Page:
This type of movement indicates that benchmarking churches within their own denomination is not how the average member is looking at their experience within their congregation.  The average Presbyterian member is not looking at their experience and asking, “is this how I have felt in other Presbyterian churches?” they are instead asking “is this how I have felt in other churches” but also “is there a better place I fit regardless of denomination?”  As we posited in “Fly in the Ointment” several years ago, people no longer just buy Ford cars in allegiance to the Ford company. The same is true within our denominational life. People will find the church that fits them and what they need in their life, regardless of the denominational name on the sign out in the front yard.

It is our mission at Holy Cow! Consulting to help regional associations and congregations, through an evidence-based discernment process, become vital, healthy organizations that better serve Christ and our communities. We benchmark the way we do because the data shows that putting congregations in a greater context is essential to truly assess where they currently are in order to help move them to where they are called to be.  This is not just our mission, it is also our ministry.

We hope to see you in our travels.

– Emily Swanson, President

 

Moving Past the Same Old Plan – How OI can help

As the team at Holy Cow! Consulting works with congregations all over the country, we find ourselves experiencing two things quite frequently.

The first is the limitation of count data and the same old responses to that data. You don’t have to do a lot of research to find that a large number of mainstream denominations are experiencing decline in worship attendance, as well as a decline in membership numbers.  Often the response from regional associations to this decline is that congregations can mitigate these losses by (1) sharing the good news of Jesus Christ and (2) connecting with the growing number of the spiritual but not-religious unchurched people in their communities.

Here we see the limitations of count data. At a national level, denominations know virtually nothing about the kinds of experiences members and visitors are having in their churches.  They have no choice but to continue citing the same statistics with the same proposed solutions.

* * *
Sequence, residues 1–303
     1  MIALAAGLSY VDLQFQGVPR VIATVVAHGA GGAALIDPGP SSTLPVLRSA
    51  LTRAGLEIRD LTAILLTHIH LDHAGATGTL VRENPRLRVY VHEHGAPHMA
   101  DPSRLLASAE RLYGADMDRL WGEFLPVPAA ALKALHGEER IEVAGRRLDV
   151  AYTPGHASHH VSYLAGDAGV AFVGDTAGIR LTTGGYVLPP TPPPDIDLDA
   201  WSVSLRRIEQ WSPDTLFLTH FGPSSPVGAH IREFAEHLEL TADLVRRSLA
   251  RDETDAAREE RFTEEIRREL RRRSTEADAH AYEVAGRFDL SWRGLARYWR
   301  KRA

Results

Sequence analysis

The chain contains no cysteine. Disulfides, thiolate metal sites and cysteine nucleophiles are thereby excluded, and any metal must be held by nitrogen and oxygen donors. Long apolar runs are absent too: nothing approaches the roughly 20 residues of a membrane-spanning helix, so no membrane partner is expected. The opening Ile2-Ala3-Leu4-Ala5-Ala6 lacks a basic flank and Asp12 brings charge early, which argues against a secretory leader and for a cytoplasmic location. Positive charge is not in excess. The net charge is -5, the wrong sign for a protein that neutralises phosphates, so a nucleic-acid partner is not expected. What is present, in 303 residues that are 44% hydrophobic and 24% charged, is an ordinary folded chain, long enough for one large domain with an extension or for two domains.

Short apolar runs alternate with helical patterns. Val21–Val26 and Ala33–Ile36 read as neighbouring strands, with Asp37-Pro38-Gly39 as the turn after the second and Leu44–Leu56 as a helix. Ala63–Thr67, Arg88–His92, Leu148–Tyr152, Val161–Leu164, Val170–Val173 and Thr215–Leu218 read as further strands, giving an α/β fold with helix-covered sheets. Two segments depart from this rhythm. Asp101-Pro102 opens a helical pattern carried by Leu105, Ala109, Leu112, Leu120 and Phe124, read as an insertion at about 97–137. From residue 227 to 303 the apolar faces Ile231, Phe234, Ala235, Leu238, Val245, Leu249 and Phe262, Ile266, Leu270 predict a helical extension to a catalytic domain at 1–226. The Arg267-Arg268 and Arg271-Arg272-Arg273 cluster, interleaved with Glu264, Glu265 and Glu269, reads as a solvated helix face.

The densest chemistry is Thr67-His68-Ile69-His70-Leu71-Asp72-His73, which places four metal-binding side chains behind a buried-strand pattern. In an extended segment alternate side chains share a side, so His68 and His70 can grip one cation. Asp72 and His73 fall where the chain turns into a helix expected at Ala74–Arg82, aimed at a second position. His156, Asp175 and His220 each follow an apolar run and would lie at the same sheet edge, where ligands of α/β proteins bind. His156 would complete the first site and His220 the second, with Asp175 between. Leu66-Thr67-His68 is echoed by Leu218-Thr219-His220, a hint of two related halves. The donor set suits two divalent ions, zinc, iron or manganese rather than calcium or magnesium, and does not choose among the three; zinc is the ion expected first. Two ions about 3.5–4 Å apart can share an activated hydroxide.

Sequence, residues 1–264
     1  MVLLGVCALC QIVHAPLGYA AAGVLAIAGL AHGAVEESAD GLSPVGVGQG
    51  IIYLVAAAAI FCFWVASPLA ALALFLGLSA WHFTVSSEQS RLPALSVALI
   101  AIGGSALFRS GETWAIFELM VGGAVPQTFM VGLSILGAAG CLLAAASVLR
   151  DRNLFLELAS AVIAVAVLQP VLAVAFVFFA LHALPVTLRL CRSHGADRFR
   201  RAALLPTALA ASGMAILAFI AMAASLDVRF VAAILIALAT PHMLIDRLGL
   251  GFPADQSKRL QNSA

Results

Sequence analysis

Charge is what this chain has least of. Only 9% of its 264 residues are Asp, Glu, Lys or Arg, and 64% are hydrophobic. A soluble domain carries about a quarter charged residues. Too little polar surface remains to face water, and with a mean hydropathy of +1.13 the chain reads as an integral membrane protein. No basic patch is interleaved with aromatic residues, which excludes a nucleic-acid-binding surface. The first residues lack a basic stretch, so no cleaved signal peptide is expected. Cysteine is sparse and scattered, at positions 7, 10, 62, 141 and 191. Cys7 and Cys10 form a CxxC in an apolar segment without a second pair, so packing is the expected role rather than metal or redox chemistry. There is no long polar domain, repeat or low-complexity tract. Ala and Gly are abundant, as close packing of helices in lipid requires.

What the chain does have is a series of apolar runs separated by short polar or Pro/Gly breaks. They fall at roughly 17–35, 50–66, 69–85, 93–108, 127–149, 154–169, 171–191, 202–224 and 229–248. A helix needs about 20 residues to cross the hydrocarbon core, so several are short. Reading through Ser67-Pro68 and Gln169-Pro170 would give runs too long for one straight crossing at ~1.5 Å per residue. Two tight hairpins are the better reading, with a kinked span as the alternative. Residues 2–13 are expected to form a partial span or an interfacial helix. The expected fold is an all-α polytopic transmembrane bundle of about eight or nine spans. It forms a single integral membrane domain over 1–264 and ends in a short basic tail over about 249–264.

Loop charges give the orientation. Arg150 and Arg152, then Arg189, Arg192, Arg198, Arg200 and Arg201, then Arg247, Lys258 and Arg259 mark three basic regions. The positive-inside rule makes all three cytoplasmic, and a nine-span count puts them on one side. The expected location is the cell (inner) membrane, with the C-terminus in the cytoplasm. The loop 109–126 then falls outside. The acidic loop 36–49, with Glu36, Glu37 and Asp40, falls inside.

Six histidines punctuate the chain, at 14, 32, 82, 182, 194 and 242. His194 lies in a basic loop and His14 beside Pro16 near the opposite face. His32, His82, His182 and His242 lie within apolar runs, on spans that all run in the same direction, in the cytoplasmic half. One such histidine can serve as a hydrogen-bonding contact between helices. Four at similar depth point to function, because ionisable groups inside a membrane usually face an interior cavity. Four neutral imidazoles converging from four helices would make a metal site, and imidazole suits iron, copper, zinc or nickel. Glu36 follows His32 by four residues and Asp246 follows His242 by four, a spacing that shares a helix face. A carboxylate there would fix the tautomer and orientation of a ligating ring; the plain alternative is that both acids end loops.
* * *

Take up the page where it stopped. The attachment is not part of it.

But in fact, churches do not benefit from a pep talk urging them to reach out. Reaching new members and incorporating them into the life of the church is already the first or second priority of 99% of the denominational churches in the USA.  The real problem that needs to be addressed can only be discovered through witness data, the power of letting members and visitors speak.

When we listen, we discover the real issues:  in the typical church,  only half of the members are clearly satisfied and more than a third (37%) feel members are simply “going through the motions.”  Until this changes, it will be impossible to make the case that the church is a better option for their lives than the local library, which performs many of the same functions of the church and with a 90% satisfaction level.  There are exceptional churches that rise about these generalizations which we call transformational churches.  However, our focus on count data means we are neither identifying them nor learning from them fast enough. This also indicates that our congregations are not adapting.

The second experience is a call from an interim pastor who has stepped into a church where the previous pastor left in a state of frustration.   In this all too frequent situation, when we run the Congregation Assessment Tool (CAT) and look at the Vital Signs report of the results,  it shows a church in the hospice quadrant.  This means that unless the church makes changes in the system to achieve a higher level of missional flexibility, the next pastor will also fail, and the next, and the next.  This is not the case of finding the leader that fits in the congregational culture but rather a situation where the congregation must decide it is time to change. Without this congregational self-awareness, we are sentencing leaders to failure.

These hospice congregations have made reaching new people their highest priority  (as urged by their denomination), but they are a congregation where only 30% of the members feel positive about the church and over 50% of members feel the congregation is just going through the motions.  This is not the setting where new people will feel the energy and vibrance of what Christ can bring to their lives within the body of a congregation. Outreach by this church is not only futile; it is likely poisonous.